|Dulé Hill as||Charlie (Charles) Young||Personal Aide to the President|
|Allison Janney as||C.J. (Claudia Jean) Cregg||Press Secretary|
|Joshua Malina as||Will (William) Bailey||Deputy Communications Director|
|Janel Moloney as||Donna (Donnatella) Moss||Assistant to Deputy Chief of Staff|
|Richard Schiff as||Toby (Tobias Zachary) Ziegler||Communications Director|
|John Spencer as||Leo Thomas McGarry||Chief of Staff|
|Bradley Whitford as||Josh (Joshua) Lyman||Deputy Chief of Staff|
Martin Sheen as
|Jed (Josiah Edward) Bartlet||President of the United States|
|Special Guest Stars|
|Mary-Louise Parker as||Amy (Amelia) Gardner||FLOTUS' Chief of Staff|
|Jesse Bradford as||Ryan Pierce||Intern|
|Gary Cole as||Robert "Bingo Bob" Russell||Vice President|
|Tom Skerritt as||Chris Carrick||Senator from Idaho|
|NiCole Robinson as||Margaret||Hooper (last name) /
Assistant to Chief of Staff
|Renée Estevez as||Nancy||Aide|
|Erinn Carter as||Laura||Aide to Vice President|
|Melissa Fitzgerald as||Carol||Fitzpatrick (last name)
Assistant to the Press Secretary
|Peter James Smith as||Ed||Congressional Liaison|
|William Duffy as||Larry||Congressional Liaison|
|David O. Katz as||Staffer #1|
|Jamie Millhoff as||Staffer #2|
|Tom W. Chick as||Gordon||Reporter|
|Joyce Guy as||Charlayne||Reporter|
|Becky Meister as||Sally||Reporter|
|Timothy Davis-Reed as||Mark||O'Donnell (last name) / Reporter|
|Teresa Huang as||Holly||Aide to Vice President|
|Matthew Lang as||Staff Assistant|
|Eric Lemler as||Nat||Intern|
|Karen Goberman as||Researcher|
"I love the personal-relationship side of C.J.," she [Allison Janney] says with a chuckle. "I think I've got the press briefings down pretty much, and I'd love to get into some complicated relationship scenarios."
"Allison Janney is the softer side of C.J. Cregg"
by Jay Boyar
July 29, 2003
Adding to the realism, the new vice president, played by Gary Cole, will be in place by episode four or five, and around more than predecessor Tim Matheson.
"He needs to be brought up to speed," Wells says of the character. "He's also very ambitious."
"'West Wing's' fifth season: Politics NOT as usual "
by Jill Vejnoska
September 24, 2003
Richard Schiff was even more effusive about the show's direction. The absence of Sorkin's "romantic lyricism," he said, has paralleled the post-honeymoon phase of "the real White House." He called the series a "reality-driven drama now," explaining that "this is why Leo isn't as attractive a character as he might have been last year and why Josh and Toby get into fights."
"'West Wing' cast is upbeat"
by Matthew Gilbert
January 16, 2004
And one of the main reasons is Leo McGarry, whose character lately has shown signs of being more the tough, demanding boss and aide that he was when "The West Wing" premiered.
And now I'm thinking that the "new" Leo makes a lot more sense than the old one, who'd had his edges softened over the years in ways that sometimes strained credulity.
"You're not the only person who's said this," Spencer said recently when I asked about the pricklier Leo during a "West Wing" press session in Hollywood. A visitor to the set had told Spencer, " 'Leo's gotten so mean,' " he said.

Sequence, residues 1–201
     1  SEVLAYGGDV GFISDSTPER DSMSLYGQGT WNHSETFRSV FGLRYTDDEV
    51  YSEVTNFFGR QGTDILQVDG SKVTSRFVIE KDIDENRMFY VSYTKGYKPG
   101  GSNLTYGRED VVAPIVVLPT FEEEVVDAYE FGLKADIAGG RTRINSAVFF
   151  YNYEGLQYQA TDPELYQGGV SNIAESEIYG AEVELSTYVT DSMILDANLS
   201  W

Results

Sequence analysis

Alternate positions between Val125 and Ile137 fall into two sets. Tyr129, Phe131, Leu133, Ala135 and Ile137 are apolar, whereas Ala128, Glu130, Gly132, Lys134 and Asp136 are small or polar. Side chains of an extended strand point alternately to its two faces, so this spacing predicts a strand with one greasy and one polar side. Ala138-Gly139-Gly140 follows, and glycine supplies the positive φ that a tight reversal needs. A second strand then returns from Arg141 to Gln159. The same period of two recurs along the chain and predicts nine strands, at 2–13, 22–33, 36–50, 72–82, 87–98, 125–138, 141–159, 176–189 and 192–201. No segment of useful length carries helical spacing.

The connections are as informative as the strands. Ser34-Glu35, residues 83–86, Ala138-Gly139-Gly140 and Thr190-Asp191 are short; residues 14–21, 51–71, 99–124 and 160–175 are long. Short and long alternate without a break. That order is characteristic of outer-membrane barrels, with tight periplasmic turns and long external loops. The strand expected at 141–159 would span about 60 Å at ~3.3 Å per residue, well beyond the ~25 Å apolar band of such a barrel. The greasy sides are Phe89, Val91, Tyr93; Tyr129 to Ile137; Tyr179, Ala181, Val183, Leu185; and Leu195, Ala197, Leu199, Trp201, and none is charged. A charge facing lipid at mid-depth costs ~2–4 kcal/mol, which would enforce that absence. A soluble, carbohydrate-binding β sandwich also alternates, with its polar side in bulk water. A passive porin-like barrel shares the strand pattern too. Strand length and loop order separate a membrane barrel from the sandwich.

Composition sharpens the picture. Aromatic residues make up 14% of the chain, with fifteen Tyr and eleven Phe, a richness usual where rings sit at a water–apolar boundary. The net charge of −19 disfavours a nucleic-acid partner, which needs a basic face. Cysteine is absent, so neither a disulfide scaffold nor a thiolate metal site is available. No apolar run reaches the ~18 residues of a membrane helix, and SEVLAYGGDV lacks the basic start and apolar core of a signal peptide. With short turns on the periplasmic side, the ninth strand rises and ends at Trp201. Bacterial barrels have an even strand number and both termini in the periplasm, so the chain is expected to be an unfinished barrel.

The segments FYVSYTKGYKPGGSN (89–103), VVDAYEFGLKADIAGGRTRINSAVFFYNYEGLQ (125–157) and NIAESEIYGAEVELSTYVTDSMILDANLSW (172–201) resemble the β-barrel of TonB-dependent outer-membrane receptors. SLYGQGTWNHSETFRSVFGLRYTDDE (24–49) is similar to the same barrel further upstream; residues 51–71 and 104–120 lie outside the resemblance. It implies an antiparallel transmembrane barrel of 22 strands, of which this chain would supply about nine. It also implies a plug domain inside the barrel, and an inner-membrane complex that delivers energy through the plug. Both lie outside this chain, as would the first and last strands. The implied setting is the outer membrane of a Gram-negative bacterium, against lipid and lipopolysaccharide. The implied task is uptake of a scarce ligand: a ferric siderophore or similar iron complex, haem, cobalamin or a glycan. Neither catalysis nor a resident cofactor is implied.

"And you know, mean and nice and all of that is in the eye of the beholder. But I think you have to look to Qumar" and the plot line last season in which Leo helped talk President Bartlet (Martin Sheen) into assassinating a leader of that fictional Middle Eastern country.
"Things were not easy in the White House at the beginning of this season. I mean, fictionally," he said. "And a lot of it fell on Leo's head, an unhappy staff, a president that was miserable and had lost his daughter, and a first lady who could no longer communicate with me and said that she didn't want me in the house any longer. So Leo's been going through a lot of stuff."
But isn't it a bit more realistic for Leo, as a chief of staff, to be a tougher guy?
"I think so," he said. "I feel the Leo of today is closer to the Leo of the first half of the first season when [producers Tommy Schlamme and Sorkin] said my characterization of Leo McGarry was like if Casey Stengel was the chief of staff of the White House," he said. So, "yeah, it's a big responsibility, and he's gruff."
"It's good to have irascible Leo back"
by Ellen Gray
February 11, 2004
Philadelphia Daily News
Bailey's move to the VP's office, where his opinions stand out more succinctly, was made, [Alex] Graves says, "because part of the genesis of the character is he's not to be kept out of a room, he's too valuable."
"Josh Malina has been clever add to West Wing"
by Bridget Bynre
April 19, 2004
Parker was asked why her character, lobbyist Amy Gardner, seemed to disappear from "The West Wing." Parker's last appearance on the show was in October 2003, when she incurred the anger of President Bartlet (Martin Sheen) over a domestic-violence bill.
Her departure had as much to do with her pregnancy (she gave birth to son William Atticus in January 2004) as anything else, the "Angels in America" Emmy winner says. "At a certain point, I couldn't, like, stand behind a desk anymore and hold a file. You know, it just got to be ludicrous."
"Parker Returning to 'West Wing'"
January 8, 2005
Dirty little secret: Personally, [Bradley] Whitford wanted his character to end up with Amy Gardner (Mary-Louise Parker) rather than Donna Moss (Janel Moloney).
May 14, 2006
People were always like, "You stole Josh from Donna!" [Laughs] The only person who doesn't feel that way, actually, is Brad[ley Whitford], who is like, "I should have ended up with you." But I loved doing that part. It was supposed to be just one episode, but it turned into more. - Mary-Louise Parker
" Weeds' Mary-Louise Parker Makes a Killer Bride"
by Matt Webb Mitovich
March 2, 2007
TV Guide Online